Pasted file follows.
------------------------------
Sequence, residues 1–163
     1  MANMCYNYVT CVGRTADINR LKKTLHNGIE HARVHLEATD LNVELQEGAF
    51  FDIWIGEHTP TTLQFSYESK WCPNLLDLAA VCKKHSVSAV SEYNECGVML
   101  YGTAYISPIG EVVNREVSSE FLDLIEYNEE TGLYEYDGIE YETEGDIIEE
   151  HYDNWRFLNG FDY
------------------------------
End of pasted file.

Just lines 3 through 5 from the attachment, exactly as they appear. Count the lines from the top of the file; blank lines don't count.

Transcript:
    51  FDIWIGEHTP TTLQFSYESK WCPNLLDLAA VCKKHSVSAV SEYNECGVML
   101  YGTAYISPIG EVVNREVSSE FLDLIEYNEE TGLYEYDGIE YETEGDIIEE
   151  HYDNWRFLNG FDY